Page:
My Home is at Risk From Climate Change — Should I Stay or Should I Go?
You were either one of those people who had already stockpiled toilet paper when you saw where Covid was going, or you were one of those buying extra newspaper.
The ability to anticipate where a trend is taking us is fraught with complexity, and when it’s a trend that might directly impact the wellbeing of ourselves and our family then the stakes can become incredibly high.
Climate change is arguably the most complex trend of all — we know it’s here and that it’s only going to accelerate but predicting how it will impact us isn’t so straightforward.
I’m spending time unpacking this particular topic because I’m seeing more and more people, some of them close friends, make big climate-related decisions based on only partial understanding.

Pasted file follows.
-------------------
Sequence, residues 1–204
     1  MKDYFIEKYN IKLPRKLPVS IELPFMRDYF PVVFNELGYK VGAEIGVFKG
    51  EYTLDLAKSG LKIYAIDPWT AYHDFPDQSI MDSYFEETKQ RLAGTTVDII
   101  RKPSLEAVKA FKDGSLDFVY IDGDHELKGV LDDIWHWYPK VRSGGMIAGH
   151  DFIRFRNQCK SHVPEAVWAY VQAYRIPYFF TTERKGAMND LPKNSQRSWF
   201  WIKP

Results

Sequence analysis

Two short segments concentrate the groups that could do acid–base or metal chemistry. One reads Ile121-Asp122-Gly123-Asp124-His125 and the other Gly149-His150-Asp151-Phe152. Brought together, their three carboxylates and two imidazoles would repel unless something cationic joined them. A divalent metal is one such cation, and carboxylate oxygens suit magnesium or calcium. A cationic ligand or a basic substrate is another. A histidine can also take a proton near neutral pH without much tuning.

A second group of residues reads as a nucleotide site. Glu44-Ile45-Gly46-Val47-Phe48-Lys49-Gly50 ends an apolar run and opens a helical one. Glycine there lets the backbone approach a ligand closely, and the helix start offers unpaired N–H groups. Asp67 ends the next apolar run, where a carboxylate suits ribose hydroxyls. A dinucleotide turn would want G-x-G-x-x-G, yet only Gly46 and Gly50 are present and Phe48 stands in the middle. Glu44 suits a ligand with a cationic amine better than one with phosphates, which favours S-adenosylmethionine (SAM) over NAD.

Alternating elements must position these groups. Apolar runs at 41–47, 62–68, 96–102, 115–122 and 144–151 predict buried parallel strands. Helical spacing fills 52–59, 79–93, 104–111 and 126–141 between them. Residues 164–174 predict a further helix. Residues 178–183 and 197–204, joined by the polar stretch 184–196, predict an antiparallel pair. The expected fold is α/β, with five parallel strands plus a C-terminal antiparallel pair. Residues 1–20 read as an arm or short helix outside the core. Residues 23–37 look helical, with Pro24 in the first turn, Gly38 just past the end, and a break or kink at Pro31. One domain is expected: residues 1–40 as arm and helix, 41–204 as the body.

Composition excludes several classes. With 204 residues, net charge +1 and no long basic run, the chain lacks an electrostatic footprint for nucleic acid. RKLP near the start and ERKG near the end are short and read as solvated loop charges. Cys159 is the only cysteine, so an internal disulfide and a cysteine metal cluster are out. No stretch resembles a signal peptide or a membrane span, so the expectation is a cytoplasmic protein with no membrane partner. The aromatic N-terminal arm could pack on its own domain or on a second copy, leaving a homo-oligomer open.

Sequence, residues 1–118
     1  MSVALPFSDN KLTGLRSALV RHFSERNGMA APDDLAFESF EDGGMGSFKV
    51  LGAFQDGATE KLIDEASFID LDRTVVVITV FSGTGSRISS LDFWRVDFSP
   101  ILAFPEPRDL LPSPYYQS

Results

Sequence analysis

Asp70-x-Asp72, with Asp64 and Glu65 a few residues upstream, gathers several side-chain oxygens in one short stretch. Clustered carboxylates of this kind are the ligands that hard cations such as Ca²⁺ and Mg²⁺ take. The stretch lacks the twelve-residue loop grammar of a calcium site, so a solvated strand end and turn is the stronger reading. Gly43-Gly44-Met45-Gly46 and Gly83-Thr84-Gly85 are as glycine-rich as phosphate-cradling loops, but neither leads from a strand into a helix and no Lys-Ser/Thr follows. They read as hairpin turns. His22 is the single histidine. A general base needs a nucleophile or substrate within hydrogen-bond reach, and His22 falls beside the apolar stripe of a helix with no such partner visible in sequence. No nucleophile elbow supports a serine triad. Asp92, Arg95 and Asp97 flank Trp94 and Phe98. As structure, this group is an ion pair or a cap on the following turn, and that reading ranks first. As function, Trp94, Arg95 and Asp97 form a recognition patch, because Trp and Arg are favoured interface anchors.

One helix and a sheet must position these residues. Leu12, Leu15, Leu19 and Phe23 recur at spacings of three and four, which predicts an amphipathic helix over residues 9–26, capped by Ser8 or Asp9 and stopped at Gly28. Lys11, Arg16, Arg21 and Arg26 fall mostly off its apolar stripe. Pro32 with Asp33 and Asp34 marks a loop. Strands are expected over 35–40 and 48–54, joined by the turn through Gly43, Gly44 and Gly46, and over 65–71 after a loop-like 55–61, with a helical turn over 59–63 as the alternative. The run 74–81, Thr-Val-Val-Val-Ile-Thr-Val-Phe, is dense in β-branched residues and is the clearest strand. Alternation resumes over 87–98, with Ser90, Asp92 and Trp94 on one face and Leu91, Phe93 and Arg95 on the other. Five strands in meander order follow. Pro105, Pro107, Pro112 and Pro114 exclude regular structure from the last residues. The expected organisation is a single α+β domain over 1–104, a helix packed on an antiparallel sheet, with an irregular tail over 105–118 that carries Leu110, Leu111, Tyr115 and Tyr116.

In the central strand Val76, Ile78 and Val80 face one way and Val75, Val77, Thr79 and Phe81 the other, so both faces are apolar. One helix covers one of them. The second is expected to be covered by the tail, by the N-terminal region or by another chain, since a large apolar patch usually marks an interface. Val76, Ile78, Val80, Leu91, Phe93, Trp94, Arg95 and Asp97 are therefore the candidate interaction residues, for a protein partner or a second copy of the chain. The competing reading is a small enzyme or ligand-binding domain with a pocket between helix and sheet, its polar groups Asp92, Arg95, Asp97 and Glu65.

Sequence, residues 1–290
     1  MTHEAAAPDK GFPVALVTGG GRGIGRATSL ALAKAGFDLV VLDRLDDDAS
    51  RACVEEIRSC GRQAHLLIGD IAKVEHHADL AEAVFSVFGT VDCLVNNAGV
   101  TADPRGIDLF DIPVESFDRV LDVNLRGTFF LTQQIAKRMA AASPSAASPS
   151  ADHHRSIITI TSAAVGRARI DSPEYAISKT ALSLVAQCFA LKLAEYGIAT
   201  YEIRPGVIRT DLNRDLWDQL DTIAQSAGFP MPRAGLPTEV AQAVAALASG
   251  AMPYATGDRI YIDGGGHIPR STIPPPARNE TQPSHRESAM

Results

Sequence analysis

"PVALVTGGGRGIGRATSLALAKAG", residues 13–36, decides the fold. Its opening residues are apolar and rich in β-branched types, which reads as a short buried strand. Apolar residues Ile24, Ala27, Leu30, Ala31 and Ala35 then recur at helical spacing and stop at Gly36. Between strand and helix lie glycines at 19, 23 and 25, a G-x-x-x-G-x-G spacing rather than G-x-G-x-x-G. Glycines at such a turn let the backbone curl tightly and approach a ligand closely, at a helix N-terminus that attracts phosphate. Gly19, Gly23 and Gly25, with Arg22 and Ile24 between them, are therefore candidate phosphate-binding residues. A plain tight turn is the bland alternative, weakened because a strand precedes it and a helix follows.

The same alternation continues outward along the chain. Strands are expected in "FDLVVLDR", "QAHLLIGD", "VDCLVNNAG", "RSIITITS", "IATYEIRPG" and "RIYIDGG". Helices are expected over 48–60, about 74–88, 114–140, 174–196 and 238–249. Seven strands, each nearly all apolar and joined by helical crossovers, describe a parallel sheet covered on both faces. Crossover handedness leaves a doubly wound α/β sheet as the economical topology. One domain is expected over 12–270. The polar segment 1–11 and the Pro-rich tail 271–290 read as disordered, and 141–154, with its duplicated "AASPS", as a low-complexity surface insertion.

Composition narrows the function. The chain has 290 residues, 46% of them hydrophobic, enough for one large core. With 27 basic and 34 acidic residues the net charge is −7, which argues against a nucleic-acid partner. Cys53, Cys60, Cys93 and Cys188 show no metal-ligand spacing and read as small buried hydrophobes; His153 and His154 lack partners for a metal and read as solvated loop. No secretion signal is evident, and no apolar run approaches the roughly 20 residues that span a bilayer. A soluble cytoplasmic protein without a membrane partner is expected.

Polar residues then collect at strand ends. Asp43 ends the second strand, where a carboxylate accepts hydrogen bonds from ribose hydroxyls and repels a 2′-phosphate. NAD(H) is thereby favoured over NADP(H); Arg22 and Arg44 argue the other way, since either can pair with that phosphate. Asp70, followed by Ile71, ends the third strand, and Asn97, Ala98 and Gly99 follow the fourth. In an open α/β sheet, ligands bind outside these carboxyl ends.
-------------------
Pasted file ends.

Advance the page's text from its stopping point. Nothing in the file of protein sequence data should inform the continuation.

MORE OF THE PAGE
They’re selling their house and moving to the countryside
They’re even deciding not to have children
And I’m often being asked ‘where should we move to?’ in reaction to climate change.
The thing is, I simply can’t give a straightforward answer because it depends, depends, depends.
What I CAN do is give you a heap of purposeful questions that will help you make smart decisions that are right for you and your family. This set of questions relate specifically to your own home (whether you own or rent doesn’t matter) and should help you develop a better awareness of how climate change might pose a risk for where you live.
We’ll look at this complex topic layer by layer…
Firstly, climate change can impact us in numerous ways — some of them can have DIRECT impacts on our home, for example a climate-driven storm can rip our roof off; water restrictions due to drought might prevent us from saving our garden and it all dies (‘shoulda got those rainwater tanks!’); or a heatwave might be so intense that we can’t stay at home because it’s too hot.